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    "At will" means "at will". I don't know what you are asking here... If you didn't like the extra communication steps you were instructed to take, you could have easily vacated the position "at will". Would you have expected your employer to find an actionable cause with that? – Scott Mar 25 '16 at 0:59
  • @scott former's expectations and preferences don't affect the legal analysis. – user3851 Mar 25 '16 at 1:02
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    Understood @Dawn I think the whole personal story really clouds any actual question. All I can read is "is 'at will' really 'at will'?" -- but I'm not stating I'm correct here :) – Scott Mar 25 '16 at 1:06
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You were on a performance improvement plan, those often require special requirements of the employee.

I'm sorry your mother died, but a year seems like a very long time to take, and your company was very kind to give you that long.

I am not a lawyer but I sincerely doubt there is anything actionable here.

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    I can't comment yet, so I will use this as an appropriate area to respond to @sam. Grief, and especially chronic depression exacerbated by grief, are not time-boxing conditions. While there may be legal precedents to define what is "normal," no time is "a very long time to take," especially without context. I'm not asking if anything is definitely actionable, but merely if this is potentially something of concern, as I was asked as part of this process to terminate medical help. For what it's worth, I'm seeking advice from someone who is in the field of Law. – Former Employer Mar 24 '16 at 21:47
  • @Dawn as far as I can tell this question does answer the legal question, in the affirmative, based on the fact that the employee in question was on a performance improvement plan. – phoog Mar 24 '16 at 22:23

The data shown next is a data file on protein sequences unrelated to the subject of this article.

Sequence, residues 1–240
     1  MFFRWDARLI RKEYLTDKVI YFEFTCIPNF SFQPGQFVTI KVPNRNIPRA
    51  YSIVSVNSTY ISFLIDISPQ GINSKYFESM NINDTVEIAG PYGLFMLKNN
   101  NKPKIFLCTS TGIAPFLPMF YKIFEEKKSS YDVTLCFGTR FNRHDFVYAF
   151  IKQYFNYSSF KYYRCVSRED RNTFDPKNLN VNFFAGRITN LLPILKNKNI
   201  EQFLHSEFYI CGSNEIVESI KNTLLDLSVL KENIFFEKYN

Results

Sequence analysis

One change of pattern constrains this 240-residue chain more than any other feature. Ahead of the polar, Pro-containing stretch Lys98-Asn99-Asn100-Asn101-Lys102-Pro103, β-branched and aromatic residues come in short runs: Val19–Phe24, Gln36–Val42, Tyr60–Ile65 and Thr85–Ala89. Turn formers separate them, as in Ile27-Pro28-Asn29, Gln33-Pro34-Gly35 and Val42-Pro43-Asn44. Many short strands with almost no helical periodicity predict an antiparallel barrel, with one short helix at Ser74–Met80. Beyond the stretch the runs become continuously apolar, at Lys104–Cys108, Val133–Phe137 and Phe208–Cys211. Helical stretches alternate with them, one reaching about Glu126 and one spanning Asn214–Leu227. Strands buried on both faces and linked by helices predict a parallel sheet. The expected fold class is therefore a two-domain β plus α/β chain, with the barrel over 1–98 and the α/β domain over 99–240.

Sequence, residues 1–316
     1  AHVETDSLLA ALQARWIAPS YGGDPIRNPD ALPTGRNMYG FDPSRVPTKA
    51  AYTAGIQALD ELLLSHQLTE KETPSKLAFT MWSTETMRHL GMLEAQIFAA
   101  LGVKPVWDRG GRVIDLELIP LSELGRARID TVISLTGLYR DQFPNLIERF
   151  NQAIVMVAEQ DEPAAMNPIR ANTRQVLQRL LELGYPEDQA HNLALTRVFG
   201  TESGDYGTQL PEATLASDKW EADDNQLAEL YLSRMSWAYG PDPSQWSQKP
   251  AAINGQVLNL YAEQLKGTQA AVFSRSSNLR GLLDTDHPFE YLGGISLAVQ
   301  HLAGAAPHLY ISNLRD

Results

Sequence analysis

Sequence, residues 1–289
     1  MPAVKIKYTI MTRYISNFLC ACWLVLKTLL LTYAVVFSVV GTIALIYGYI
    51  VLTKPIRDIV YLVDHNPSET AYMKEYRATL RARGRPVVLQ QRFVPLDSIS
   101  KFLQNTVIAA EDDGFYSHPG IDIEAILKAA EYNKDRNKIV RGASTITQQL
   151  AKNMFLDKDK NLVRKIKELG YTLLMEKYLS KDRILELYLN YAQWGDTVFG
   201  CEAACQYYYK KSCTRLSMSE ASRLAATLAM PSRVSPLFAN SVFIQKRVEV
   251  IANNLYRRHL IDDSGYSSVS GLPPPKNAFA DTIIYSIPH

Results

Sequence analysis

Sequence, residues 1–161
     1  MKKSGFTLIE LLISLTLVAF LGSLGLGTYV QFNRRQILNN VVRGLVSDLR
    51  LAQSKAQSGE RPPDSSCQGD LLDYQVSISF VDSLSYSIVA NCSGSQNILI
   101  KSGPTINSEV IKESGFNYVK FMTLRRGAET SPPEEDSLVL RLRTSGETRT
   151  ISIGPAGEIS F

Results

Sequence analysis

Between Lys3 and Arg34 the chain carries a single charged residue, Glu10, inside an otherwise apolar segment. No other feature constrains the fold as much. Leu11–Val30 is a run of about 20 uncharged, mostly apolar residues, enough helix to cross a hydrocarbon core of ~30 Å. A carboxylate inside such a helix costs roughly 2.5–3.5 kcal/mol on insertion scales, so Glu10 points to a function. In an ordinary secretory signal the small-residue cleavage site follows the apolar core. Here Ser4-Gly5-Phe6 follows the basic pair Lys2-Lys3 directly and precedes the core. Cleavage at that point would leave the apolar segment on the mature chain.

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    @Former Employer, It is not your employers responsibility to take care of you. I say they were kind to give you a year because they were, not because you should be over it in a year, but because they were beyond kind to you to give you that long. – Sam Mar 24 '16 at 23:22
  • @FormerEmployer my earlier comment in response to your answer was deleted when the answer was converted to a comment, so I will repost it. You have created two accounts, which, I think, can be merged, but I don't know how to do it. Your difficulty commenting arises from the fact that you have two different accounts; normally one can always comment on one's own questions and their answers, but your second account, of course, doesn't own the question posted by the first account. – phoog Mar 24 '16 at 23:54
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    @sam I wanted to explain my reasoning better than I did in the edit. Regardless, whether a year seems like a very long time to you and whether you think the company was kind are irrelevant to the legal analysis. – user3851 Mar 25 '16 at 14:20
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If you were suffering a disability, you needed to request reasonable accommodation

If either you didn't request reasonable accommodation for a disability, or if your employer's communication plan was reasonable accommodation, or if no reasonable accommodation was available, they can require almost any kind of communication from you.

In an at-will employment setting, no reason is needed for firing you. Although, they can't fire you because of your disability. This relates to the reasonable accommodations in the previous paragraph. If they provided reasonable accommodation and then determined that you were still unable to meet their needs, the firing complies with the ADA.

Whether you were due reasonable accommodation and if so, whether their accommodation was reasonable are not answerable based on the facts provided.